January 27th, 2009

Searching for theories should be easy, right? They are so big!

Picture of man sitting under treeOften we will get calls from learners looking for theories, for instance “theories of leadership” or “theories of learning.”

The funny thing about theories is that they don’t refer to themselves as such … at least not inside peer reviewed articles, they don’t. I. e. — If you search for “theories of learning” in the scholarly article databases you will probably get cruddy results.


So where are the best places to identify the names of highly influential theories?


  • Textbooks
    E.g. your course textbooks that you have accumulated from your courses over the years
  • Subject-specific encyclopedias
    Click Background Information on the libray’s home page.
  • Lists online
    Some people have enough time to create lists of theories and post them online. Note that these could be from star academics or shady people. (Investigate who is behind them.)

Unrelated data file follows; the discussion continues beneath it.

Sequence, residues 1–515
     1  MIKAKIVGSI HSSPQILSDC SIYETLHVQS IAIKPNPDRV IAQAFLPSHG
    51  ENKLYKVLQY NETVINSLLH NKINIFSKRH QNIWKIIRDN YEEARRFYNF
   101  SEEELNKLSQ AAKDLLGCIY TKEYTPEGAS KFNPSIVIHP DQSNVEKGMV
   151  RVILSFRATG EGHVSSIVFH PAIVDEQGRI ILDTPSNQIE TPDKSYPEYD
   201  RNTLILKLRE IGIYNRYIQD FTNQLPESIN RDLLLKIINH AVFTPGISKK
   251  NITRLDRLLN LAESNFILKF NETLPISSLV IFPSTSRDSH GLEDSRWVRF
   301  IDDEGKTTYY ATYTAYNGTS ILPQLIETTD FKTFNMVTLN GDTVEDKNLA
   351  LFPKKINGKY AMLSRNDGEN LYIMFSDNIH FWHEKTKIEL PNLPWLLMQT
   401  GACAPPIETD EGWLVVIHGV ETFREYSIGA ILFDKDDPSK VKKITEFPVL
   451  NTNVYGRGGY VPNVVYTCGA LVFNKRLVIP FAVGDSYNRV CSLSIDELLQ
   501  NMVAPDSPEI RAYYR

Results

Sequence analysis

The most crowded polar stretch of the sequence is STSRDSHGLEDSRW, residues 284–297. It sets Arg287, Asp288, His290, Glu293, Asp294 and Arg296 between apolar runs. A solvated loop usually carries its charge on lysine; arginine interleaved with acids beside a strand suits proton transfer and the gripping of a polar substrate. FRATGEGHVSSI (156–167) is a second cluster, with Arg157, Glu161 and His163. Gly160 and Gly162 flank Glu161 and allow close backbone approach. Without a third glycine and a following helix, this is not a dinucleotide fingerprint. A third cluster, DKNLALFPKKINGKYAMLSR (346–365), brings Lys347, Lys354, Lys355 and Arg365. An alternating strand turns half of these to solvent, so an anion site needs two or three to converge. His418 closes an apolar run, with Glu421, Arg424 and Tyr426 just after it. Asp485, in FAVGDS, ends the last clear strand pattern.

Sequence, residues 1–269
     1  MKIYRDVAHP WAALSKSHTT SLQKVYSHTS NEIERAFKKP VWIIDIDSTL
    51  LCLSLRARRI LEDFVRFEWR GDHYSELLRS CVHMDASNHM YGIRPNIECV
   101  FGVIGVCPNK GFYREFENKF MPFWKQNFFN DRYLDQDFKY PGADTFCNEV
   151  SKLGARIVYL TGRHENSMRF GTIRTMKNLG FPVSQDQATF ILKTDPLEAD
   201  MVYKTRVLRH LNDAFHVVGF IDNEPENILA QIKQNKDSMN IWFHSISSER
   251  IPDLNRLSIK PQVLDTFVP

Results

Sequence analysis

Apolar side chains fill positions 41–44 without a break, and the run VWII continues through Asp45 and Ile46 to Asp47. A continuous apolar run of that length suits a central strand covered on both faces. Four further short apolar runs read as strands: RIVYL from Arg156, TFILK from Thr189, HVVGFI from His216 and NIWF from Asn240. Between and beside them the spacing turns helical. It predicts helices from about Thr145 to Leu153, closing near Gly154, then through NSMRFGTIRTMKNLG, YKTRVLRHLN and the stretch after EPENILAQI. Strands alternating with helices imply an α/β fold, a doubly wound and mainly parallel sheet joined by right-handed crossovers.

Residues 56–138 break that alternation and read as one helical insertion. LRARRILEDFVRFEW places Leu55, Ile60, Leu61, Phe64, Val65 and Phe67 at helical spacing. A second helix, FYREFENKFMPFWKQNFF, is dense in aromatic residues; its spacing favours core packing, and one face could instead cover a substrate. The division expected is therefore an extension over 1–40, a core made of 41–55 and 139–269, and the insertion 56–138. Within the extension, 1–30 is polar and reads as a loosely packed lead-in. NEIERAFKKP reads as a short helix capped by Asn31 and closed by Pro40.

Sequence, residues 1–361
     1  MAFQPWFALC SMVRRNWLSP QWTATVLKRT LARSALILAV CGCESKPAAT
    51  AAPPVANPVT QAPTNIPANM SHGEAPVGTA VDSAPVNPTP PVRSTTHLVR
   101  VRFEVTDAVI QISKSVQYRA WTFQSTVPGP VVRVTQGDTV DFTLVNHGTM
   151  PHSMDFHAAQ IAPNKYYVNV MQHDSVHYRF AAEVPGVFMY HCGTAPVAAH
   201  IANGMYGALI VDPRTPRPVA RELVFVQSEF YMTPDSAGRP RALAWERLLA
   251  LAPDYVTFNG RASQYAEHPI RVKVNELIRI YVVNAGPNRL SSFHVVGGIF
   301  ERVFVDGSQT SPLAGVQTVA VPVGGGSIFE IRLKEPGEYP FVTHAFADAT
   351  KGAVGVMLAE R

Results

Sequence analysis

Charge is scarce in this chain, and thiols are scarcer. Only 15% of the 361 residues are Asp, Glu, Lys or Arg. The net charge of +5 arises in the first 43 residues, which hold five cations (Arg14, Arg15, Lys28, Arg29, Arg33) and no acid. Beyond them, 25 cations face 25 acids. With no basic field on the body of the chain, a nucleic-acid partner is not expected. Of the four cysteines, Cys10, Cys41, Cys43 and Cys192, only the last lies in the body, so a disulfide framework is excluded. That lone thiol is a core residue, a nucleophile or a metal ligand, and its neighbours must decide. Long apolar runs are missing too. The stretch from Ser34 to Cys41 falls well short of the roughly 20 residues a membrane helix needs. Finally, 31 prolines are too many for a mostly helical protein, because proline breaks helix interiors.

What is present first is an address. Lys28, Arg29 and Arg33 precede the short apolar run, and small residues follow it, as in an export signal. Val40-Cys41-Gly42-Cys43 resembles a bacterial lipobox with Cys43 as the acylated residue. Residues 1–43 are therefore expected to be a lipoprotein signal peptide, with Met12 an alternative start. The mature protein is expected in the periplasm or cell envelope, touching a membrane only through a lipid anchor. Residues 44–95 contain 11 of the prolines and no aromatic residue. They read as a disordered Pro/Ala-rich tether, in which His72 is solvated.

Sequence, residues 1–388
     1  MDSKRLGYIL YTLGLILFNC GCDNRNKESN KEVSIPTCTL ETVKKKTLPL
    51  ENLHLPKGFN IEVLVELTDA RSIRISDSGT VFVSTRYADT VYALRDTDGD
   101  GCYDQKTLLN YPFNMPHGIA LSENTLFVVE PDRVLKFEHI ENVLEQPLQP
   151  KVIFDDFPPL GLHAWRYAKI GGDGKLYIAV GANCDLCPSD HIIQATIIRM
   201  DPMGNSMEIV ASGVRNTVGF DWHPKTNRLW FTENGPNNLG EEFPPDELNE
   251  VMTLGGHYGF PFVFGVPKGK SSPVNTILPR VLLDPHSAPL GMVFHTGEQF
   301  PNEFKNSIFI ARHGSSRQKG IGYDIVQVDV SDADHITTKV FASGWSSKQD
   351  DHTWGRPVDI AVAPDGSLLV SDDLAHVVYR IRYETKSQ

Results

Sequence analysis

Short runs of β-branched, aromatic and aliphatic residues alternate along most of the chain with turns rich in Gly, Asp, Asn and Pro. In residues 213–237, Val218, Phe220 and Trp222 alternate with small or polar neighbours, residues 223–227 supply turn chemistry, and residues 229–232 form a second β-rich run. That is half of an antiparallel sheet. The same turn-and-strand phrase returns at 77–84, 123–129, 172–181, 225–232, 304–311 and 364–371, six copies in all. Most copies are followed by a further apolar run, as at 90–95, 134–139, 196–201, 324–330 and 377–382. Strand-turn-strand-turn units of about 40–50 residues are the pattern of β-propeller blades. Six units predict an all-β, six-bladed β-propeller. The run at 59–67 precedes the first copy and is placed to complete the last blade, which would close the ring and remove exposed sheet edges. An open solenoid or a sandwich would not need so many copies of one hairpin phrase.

• Books
    Go to Databases A-Z on the library’s home page and scroll down to ebrary, netlibrary or PsycBOOKS.
  • Literature Reviews
    Find these inside the Discussion section in relevant articles or search for “literature review” in the title

Once you have the name of the theory THEN you can go find scholarly articles that discuss the specific theory you are looking for (e.g. articles discussing the finer points of Transactional Leadership). You’ll almost always have more luck if you leave out the word “theory” from your search.

Therefore, “transactional leadership theory” becomes “transactional leadership.” “Constructive learning theory” becomes “constructive learning.” You’ll get a much wider pool of results if you search that way.Picture of reference list

More Tips:
Cited Reference Searching can help you find out which articles are most seminal. Google Scholar helps automate this process. Use bibliography mining to trace a specific theory back to the original author. (Highlight in-text references from the article’s discussion section, match them to citations in the reference list, and then see whether the library has the full text articles using Journal and Book Locator.)

— Erika

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